Is Your Self-Care Sabotaging Your Weight-Loss?
August 22, 2012
By Guest Blogger
Exercise. Avoiding sugar. Green smoothies. These are brilliant weight-loss tools. However, just like exhaustion and high cholesterol tend to be symptoms and not a diagnosis, consistently making sound nutritional choices and moving your body are “symptoms” of self-care.
When working with my clients, the self-care basics of bio-individuality nutrition, exercise and manicures and massages helps to re-organize depleted energy, frustration and weight-gain. They start to feel better, lose a couple of pounds and then BAM, life happens. A party or a depressing day results in the infamous getting “off-track.” No smoothies, no gym, and no resisting the cookies.
Logically, you know weight-loss occurs when staying “on-track” consistently. But, emotions trump dieting rules. That is until you shift from organization to renovation mode. Renovating your life for weight-loss means restructuring weight and food from ruling your self-worth. To accomplish this, you must move into deeper, more strategically designed self-care.
While each of my clients lives are unique, there are three main self-care themes that I consistently see in them and others who have successfully lost weight and not lived in fear of food or gaining it back. We are a small 5% minority so I suggest taking great notes.
The first theme of deep self-care is to reframing your weight not as a problem but as a doorway into a lighter, better designed life. I’ve never met a client with a self-diagnosed food problem who has a food problem. When I first started working with Sarah*, her entire body was in pain, she could barely stay awake at a teaching job she loved and she wanted to lose 30 pounds. After changing her diet, her pain and bloating disappeared while her energy and clarity increased. I asked, “What does your weight-loss goal want from you?” She knew she had to start focusing on her self but wasn’t sure how. But this curiosity helped curb the 30 years of wicked self-judgment of her weight. Most importantly, it also provided space for the deepest form of self-care: self-compassion. Not to mention she received some brilliant answers.
The second theme of deep self-care is space. Answers, cooking and the energy to exercise don’t happen if your schedule is full. To create space, you must create boundaries around your time. For Sarah, this meant leaving school two days a week when school was out (she previously stayed to do extra work) and opting not to lead a big school project in 2012. We also worked on taking a personal day once a month. At home, she started asking for support from her daughter and husband in cooking and grocery shopping. And with her extended family, she stopped being the go-to problem solver. Her sugar cravings plummeted and her free time and energy increased. Sarah was then able to go to the dance classes she enjoyed and even clean up a room in her home to start being creative and crafty again. By researching her “shoulds” versus “wants” in her life, it became clear her body was matching a life weighed down with obligations. There were still “off-track” meals, but Sarah quickly found herself back to her basic self-care routine (she was craving the freshness of green smoothies to match her more airy life).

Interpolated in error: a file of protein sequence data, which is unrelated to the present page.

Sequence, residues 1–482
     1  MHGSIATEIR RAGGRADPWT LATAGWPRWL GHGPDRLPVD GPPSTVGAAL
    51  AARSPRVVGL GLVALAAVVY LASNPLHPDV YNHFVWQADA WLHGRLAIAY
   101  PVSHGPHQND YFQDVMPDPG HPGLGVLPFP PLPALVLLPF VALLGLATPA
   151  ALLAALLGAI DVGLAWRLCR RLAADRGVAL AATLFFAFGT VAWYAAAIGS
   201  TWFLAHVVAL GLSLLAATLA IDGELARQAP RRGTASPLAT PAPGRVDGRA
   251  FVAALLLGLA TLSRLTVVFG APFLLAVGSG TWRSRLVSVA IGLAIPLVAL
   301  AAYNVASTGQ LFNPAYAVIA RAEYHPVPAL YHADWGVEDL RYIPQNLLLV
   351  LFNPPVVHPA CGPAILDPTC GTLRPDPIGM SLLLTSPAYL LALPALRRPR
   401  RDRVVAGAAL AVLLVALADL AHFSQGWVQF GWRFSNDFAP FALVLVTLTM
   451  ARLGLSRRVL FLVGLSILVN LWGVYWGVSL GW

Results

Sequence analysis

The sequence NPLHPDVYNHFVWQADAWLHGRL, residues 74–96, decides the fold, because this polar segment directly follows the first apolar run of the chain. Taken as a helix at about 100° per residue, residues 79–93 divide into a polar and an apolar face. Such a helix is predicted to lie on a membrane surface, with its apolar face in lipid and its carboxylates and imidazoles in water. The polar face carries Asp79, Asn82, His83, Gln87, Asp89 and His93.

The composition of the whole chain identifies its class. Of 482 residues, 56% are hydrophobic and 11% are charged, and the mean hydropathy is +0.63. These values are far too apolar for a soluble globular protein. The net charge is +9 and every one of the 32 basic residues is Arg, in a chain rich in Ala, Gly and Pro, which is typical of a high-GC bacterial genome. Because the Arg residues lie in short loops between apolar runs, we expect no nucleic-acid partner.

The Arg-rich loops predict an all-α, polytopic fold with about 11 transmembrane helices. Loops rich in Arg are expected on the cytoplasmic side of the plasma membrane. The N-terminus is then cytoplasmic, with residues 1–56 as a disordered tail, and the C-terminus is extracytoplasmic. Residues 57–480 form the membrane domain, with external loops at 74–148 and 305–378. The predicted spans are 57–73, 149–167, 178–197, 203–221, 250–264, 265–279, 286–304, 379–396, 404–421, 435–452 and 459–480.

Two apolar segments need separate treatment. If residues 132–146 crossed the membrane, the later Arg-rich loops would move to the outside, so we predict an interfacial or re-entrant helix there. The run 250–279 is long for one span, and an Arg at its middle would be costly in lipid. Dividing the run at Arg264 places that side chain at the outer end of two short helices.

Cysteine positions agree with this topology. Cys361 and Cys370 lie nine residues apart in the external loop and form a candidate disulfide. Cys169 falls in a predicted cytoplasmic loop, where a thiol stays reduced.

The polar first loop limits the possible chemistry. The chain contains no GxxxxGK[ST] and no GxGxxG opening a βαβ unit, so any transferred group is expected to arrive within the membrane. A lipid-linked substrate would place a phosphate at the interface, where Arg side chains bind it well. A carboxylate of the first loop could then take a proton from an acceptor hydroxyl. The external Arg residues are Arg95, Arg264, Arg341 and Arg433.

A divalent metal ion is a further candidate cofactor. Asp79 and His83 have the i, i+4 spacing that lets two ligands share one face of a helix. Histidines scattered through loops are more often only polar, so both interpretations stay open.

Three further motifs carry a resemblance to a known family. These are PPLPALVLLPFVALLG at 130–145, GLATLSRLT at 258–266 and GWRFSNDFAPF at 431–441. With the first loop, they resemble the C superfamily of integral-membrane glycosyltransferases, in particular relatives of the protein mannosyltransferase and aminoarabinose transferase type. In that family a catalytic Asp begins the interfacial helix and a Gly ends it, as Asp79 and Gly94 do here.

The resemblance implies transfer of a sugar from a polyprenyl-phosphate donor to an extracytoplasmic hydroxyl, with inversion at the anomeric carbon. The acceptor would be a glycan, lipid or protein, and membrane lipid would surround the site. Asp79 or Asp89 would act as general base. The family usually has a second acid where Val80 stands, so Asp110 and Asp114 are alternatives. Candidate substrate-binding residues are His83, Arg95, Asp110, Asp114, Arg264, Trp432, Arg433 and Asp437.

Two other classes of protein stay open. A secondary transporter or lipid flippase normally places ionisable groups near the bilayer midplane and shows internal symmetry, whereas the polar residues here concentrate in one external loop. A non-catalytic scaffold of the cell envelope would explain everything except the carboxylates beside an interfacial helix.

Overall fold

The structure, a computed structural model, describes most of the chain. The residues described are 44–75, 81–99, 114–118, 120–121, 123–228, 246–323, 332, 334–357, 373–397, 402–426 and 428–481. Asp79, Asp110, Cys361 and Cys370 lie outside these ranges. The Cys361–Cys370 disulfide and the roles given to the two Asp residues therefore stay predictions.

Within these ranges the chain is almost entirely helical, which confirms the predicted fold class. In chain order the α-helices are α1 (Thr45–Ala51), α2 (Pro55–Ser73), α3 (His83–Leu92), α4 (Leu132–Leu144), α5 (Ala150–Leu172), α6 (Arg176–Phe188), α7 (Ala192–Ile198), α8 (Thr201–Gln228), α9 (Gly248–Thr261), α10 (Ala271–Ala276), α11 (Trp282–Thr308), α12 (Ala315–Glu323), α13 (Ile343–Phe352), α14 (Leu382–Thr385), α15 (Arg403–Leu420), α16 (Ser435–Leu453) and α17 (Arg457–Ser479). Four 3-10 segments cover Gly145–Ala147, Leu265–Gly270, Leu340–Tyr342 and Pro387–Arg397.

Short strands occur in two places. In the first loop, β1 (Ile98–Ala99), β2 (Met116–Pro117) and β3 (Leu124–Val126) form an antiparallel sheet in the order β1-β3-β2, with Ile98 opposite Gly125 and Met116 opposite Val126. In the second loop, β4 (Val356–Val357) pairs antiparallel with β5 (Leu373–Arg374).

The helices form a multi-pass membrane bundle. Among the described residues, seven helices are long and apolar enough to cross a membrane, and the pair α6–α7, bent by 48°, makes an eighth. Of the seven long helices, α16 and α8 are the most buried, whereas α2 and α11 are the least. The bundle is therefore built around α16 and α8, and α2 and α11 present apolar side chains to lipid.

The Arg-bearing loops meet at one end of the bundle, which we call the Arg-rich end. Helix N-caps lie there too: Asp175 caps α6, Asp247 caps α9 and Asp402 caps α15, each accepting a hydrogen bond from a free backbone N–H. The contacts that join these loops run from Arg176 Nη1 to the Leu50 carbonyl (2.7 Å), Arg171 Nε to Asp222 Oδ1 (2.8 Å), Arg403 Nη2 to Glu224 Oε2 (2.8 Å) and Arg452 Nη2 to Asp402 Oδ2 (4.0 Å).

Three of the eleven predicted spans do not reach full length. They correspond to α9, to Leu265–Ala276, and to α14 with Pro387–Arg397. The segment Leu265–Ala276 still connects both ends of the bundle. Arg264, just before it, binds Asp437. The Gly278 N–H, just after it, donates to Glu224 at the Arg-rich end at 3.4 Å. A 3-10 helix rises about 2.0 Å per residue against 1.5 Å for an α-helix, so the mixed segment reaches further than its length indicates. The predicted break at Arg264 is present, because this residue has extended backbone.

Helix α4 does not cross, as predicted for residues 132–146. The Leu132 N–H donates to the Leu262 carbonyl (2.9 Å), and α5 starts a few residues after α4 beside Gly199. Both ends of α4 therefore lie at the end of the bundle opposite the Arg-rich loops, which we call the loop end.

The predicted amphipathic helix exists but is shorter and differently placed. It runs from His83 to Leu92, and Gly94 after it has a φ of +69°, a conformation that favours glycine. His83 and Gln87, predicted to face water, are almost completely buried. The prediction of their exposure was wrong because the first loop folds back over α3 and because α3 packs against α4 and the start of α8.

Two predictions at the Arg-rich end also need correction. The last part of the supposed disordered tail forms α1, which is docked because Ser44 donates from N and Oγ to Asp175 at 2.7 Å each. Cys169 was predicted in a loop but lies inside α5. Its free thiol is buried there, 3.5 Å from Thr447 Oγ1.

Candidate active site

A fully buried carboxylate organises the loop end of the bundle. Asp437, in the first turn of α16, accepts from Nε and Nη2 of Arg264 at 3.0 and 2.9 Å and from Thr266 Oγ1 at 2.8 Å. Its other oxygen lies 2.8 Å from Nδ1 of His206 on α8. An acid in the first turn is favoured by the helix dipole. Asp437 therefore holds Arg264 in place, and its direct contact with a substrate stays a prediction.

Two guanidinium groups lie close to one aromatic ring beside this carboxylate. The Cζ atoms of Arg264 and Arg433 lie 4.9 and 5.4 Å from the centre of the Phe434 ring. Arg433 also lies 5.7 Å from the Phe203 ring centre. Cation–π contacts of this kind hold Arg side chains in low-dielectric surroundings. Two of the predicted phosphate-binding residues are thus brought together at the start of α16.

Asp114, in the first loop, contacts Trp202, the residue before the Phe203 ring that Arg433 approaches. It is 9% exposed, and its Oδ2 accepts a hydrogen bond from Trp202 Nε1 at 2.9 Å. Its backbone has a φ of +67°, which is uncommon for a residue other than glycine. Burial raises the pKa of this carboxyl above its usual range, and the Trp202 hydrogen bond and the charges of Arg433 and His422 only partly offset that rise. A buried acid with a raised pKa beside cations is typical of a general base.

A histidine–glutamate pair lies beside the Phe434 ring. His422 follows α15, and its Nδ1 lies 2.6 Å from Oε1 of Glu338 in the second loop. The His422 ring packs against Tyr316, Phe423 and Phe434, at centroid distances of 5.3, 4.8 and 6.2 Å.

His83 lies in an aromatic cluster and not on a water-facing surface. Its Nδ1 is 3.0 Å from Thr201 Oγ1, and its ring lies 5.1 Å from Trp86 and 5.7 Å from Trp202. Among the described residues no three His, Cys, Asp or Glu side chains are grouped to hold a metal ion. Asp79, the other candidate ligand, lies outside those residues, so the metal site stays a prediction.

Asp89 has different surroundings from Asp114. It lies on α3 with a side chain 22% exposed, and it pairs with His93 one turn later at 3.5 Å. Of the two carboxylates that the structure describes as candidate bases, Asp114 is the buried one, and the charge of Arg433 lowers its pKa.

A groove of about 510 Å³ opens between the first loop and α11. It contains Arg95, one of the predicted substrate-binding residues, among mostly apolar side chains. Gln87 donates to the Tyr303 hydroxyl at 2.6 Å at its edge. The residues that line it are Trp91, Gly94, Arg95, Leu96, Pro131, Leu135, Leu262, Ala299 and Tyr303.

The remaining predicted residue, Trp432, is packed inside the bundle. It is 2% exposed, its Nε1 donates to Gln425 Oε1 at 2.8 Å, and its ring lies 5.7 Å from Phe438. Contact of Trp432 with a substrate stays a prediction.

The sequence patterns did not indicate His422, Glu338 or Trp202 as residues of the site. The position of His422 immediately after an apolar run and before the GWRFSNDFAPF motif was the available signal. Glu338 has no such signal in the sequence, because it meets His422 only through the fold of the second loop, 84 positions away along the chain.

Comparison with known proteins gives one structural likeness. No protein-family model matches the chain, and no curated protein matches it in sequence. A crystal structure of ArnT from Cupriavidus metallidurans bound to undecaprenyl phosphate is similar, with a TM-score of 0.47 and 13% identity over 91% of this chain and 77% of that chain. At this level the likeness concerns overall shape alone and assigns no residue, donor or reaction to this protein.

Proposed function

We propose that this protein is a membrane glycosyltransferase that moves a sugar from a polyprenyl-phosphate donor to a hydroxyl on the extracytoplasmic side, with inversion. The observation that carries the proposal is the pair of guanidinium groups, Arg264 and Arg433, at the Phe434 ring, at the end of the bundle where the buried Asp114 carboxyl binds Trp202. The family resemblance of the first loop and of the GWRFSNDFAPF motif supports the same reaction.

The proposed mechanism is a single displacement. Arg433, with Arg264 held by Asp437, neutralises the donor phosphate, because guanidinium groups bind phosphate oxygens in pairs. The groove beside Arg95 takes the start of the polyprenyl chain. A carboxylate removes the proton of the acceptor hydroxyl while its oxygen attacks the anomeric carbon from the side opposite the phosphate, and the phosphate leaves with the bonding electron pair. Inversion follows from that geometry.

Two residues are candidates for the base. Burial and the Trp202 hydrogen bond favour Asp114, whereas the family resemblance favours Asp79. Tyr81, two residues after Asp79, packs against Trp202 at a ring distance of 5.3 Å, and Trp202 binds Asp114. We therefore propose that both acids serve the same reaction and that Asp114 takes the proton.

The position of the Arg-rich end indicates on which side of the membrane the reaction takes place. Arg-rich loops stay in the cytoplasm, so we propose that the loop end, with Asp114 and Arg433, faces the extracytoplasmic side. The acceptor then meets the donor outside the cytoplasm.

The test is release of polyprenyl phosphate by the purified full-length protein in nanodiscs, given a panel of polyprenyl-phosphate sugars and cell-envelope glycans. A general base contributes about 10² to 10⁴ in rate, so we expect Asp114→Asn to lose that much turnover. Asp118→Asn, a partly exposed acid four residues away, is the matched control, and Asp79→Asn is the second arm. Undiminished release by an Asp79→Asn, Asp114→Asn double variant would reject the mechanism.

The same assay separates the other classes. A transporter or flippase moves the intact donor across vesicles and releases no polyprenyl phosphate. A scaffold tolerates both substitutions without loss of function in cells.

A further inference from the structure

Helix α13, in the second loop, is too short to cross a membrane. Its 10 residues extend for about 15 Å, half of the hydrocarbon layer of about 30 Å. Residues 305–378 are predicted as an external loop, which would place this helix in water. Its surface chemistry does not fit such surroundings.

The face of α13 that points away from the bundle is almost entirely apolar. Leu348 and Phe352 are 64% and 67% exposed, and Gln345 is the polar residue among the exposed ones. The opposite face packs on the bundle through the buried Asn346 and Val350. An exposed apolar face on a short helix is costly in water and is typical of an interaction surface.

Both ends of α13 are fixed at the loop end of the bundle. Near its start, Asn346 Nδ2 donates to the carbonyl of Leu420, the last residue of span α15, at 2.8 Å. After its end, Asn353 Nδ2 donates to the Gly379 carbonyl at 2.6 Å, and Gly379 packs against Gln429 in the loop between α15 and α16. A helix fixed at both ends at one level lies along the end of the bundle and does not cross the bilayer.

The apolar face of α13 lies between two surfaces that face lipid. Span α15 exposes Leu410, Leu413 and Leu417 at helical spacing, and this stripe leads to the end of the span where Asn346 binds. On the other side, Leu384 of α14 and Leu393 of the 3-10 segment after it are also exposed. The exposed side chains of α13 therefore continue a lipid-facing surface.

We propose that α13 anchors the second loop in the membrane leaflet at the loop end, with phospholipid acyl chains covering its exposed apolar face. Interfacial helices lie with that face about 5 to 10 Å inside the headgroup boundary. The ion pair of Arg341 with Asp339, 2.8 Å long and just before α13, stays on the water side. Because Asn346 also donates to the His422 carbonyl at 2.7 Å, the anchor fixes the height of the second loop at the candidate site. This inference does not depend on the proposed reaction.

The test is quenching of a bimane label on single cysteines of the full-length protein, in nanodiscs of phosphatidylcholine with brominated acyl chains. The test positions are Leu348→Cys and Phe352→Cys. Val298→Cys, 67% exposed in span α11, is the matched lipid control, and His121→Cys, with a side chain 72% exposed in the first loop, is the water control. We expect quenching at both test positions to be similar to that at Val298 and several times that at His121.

Now all of this didn’t happen for Sarah over night. Simplifying life is a complex process. Underlying energy and time leaks is the third theme of deep self-care: knowing you are enough. Most women who overeat have a Vitamin D (as in Deservability) deficiency. We all want to be recognized, loved and accepted. It’s in our biology, down to the oxytocin that relaxes us and releases when we connect and bond with others.
However, when you overextend yourself by working extra hours and thinking you are only worthy of attention and acceptance by being an over-the-top, back-bending friend, Mom, or daughter, cookies and ice-cream become your favorite people to hang with. They ask nothing more of you. Being a people pleasing version of yourself leaves you bloated with resentment and will eat at you forever (like toxic mold), putting weight back on as protection against a world where your true self feels vulnerable.
While Sarah has lost seven pounds (and counting) in three months and no longer lets her weight or food rule her life (she isn’t even swept up in the New Year’s dieting frenzy with all the women at work), most importantly she is gaining a deep self-respect and love by trusting that her 8-4 teaching skills are enough, and that a great mother shares one of the most powerful lessons with her daughters: You deserve time and space for yourself. Her self-care foundation is being renovated with material that can withstand any weathering, including other’s judgments.
Feeling like you are enough is a process. It’s something I practice even after losing 30 pounds myself. Starting to experiment with being enough in one area of your life will have a ripple effect throughout all parts of your life. My favorite way for clients to practice feeling like enough is trying to buy less stuff. When you go on a retreat, to visit relatives or even out to dinner, practice leaving the bells and whistles that distract from the real you at home.
Remember your process informs your destination. With deep self-care engrained into your weight-loss goal, you’ll arrive at the wardrobe you’ve been dreaming of with a unique radiance that only you, as the designer of your life, could have tailor-made.
Ali Shapiro is a 20-year cancer survivor, regular NBC Philadelphia contributor and works with individuals and groups to show them how to simplify their relationship to food by simplifying their diet and life.
Photo credit: Teresa Robinson